Toyota Licenses WiTricity Patent Portfolio for Wireless Power

DEC 6 2013 BY MARK KANE 6

If It Has a Plug....It's an EV... But can be an EV without plug also?

If It Has a Plug….It’s an EV… But Can It Be An EV Without a Plug?  Sure…If It Wireless Charges

Toyota Motor Corporation have signed an intellectual license agreement with WiTricity to use wireless charging in future rechargeable hybrid electric and battery electric vehicles.

“Toyota has identified this technology as a key differentiator in the marketplace because of its seamless operation and the convenience factor it offers the vehicle owners.”

Toyota Motor Corporation made an equity investment in WiTricity and began cooperation with WiTricity in 2011, so such a deal is rather natural.  Now we wait for the first Toyota capable of wireless charing.

Wireless charging is wireless, but still needs some device to provide the power. Such devices will be manufactured under a separate license.

“Compatible wireless charging sources will be manufactured by third party charging system suppliers, under license from WiTricity.”

WiTricity CEO Eric Giler stated:

“WiTricity’s mission is to make wireless charging available as widely as possible, and this announcement is a significant step toward accomplishing that mission. We envision a world in which wireless charging accelerates the adoption of clean, green electrified vehicles. To have Toyota, the world’s leading carmaker, licensing our intellectual property, underscores the importance of the technology.”

Categories: Charging, Toyota

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6 responses to "Toyota Licenses WiTricity Patent Portfolio for Wireless Power"
  1. Bloggin says:

    “Toyota Motor Corporation becomes the first automaker to have signed an intellectual license agreement with WiTricity to use wireless charging in future rechargeable hybrid electric and battery electric vehicles.”

    That’s no actually true. Toyota is just the latest of several companies who has signed an agreement. The article at Autonews.com goes on to state that…..

    “WiTricity also has licensed the technology to supplier Delphi, as well as to Audi and Mitsubishi.”

    Delphi is a major automotive supplier for Ford and GM, and according to Delphi’s website….”Delphi was honored by Ford Motor Company with two “Recognitions of Achievement” as part of the “World Excellence Award” program at the recent Ford Supplier Conference in Dearborn, Mich.”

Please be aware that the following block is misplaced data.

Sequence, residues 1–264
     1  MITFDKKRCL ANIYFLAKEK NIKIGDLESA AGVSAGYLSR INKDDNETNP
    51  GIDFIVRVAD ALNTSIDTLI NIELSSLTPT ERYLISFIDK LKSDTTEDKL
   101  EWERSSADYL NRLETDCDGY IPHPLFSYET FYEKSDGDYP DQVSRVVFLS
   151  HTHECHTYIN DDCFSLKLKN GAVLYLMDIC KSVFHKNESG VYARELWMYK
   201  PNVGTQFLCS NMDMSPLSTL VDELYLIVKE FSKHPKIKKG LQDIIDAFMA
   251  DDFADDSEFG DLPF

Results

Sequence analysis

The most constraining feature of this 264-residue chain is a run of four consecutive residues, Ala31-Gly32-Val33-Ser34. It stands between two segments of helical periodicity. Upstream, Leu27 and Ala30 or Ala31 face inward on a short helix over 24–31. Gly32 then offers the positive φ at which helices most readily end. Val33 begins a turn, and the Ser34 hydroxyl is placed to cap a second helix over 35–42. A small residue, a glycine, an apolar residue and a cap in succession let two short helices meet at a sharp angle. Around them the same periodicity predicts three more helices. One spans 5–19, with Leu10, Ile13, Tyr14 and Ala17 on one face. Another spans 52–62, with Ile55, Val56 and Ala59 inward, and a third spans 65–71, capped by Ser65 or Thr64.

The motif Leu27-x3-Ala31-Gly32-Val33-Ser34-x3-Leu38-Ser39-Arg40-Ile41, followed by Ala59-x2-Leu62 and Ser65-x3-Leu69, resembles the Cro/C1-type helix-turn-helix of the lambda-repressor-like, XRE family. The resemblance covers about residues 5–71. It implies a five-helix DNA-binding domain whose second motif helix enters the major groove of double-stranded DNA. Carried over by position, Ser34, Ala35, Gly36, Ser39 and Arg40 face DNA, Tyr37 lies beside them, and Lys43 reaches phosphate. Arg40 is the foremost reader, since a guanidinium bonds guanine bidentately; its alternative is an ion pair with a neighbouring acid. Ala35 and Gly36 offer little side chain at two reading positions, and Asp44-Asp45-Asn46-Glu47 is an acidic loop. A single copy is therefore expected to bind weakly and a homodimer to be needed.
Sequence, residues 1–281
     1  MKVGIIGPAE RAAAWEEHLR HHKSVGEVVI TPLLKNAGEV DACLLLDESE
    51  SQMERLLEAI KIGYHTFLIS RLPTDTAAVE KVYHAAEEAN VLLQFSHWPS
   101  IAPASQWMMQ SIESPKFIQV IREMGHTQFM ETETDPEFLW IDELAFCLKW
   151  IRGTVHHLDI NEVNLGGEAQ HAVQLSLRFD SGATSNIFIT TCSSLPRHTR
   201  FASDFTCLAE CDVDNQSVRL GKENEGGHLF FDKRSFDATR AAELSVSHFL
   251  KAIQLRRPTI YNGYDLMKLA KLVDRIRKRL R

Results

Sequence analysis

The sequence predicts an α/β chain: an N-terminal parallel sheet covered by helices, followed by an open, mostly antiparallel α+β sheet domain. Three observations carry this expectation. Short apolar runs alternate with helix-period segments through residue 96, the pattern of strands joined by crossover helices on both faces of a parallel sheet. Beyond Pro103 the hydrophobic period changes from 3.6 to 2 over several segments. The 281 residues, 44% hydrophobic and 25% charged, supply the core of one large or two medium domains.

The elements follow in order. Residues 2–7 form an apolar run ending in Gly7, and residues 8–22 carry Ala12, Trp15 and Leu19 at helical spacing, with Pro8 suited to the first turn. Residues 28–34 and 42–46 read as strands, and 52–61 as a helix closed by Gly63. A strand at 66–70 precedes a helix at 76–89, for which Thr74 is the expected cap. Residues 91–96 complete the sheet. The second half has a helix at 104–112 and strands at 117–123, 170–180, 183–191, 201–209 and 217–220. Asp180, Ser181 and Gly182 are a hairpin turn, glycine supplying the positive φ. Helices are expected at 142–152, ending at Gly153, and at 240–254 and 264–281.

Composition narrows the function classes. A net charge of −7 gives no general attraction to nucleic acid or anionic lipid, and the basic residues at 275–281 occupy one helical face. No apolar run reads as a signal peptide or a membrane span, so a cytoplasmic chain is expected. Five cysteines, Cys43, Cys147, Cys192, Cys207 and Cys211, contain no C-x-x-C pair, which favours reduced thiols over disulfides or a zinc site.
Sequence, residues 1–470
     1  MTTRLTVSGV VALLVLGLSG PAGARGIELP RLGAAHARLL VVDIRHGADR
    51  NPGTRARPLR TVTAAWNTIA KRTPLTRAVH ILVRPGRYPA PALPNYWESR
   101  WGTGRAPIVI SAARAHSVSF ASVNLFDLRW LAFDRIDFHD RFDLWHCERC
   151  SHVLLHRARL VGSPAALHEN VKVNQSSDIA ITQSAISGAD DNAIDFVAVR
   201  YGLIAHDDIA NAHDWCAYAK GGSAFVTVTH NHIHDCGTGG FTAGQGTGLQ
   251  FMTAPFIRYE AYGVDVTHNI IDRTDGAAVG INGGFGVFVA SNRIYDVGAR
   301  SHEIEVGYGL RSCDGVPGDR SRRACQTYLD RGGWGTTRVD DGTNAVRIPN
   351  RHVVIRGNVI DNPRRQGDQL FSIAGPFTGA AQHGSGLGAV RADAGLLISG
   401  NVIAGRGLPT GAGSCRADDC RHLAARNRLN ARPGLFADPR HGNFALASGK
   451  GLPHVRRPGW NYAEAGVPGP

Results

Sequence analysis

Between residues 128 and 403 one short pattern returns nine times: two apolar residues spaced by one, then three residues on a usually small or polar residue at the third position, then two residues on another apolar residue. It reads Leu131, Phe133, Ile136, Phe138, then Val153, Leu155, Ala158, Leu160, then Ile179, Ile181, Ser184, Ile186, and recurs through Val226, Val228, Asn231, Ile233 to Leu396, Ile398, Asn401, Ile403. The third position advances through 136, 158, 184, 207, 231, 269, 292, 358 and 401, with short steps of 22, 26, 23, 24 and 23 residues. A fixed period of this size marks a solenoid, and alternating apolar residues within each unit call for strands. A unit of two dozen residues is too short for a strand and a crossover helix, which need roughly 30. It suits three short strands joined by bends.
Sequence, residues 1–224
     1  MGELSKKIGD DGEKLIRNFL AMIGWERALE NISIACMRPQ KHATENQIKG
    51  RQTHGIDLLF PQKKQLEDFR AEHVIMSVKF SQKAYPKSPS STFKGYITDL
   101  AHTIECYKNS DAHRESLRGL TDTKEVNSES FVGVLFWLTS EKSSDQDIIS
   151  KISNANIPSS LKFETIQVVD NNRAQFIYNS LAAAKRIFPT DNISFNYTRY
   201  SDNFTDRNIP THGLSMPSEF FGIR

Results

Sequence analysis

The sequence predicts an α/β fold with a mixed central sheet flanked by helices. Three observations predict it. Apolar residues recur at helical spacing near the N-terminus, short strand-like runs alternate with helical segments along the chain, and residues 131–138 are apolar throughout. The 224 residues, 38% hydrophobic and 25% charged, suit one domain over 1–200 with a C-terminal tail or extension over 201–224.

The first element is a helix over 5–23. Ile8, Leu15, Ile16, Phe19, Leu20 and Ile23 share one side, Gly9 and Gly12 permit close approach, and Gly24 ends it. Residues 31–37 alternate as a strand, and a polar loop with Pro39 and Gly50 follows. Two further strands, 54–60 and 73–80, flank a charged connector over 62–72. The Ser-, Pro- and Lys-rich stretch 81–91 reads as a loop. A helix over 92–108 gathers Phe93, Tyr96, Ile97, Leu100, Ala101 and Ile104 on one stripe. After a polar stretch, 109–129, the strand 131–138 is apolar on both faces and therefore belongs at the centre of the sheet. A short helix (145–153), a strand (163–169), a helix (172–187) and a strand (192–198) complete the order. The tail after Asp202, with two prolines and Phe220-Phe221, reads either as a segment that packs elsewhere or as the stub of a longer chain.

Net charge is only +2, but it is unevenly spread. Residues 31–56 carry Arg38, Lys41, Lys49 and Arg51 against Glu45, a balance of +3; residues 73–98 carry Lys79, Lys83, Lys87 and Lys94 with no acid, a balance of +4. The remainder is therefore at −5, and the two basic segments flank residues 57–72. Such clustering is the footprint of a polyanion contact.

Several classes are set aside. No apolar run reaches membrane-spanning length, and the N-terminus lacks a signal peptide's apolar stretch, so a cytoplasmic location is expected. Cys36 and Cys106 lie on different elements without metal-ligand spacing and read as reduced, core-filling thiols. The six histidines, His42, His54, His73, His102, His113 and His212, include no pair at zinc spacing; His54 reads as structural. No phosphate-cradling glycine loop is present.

1. Mark Kane says:

      I know. I believe this is something more then previous deals. But I changed.

  2. Would love to see an article regarding the dangers to pets. But its funny since Ann Colter said Radiation (Nuclear in her case) is good for you, nothing is bad for us any more.

    1. Priusmaniac says:

      Either the car is above the charging plate which leaves little room for pets, either it is not there and there is no energy flow.
      In the last case no worry and in the second case, unless you pet is made of metal, it should be ok. Avoid a metallic necklace on your cat as an extra precaution although if he happens to be there in the wrong place at the wrong time, the heating up will make him move away quiet fast.

      1. Well, as a seasoned operator of amateur radio (and commercial licensee ), I’m perhaps more aware of harmful radiation or electric fields, since I’ve experienced sensitivity to them myself.

        As to the other point, I thought there was plenty of room for a cat to go to sleep on the pad.

        I’m not sure anyone is qualified to say these things are safe. On the contrary, there has been plenty of work showing fields of this extreme power density are questionable, especially with the pet exactly in the middle of the field. I know, the tranmitting frequency will be 87 khz. At 144mhz with much a much less power density, you can cook hot dogs.

        I hope you don’t put your kitten in the microwave to dry it out, as some pet owners have done.

        1. “….Daimler’s Head of Future Mobility, Professor Herbert Kohler, however have expressed caution and said the inductive charging for EVs is at least 15 years away and the safety aspects of inductive charging for EVs have yet to be looked into in greater detail. For example, what would happen if someone with a pacemaker is inside the vehicle?……”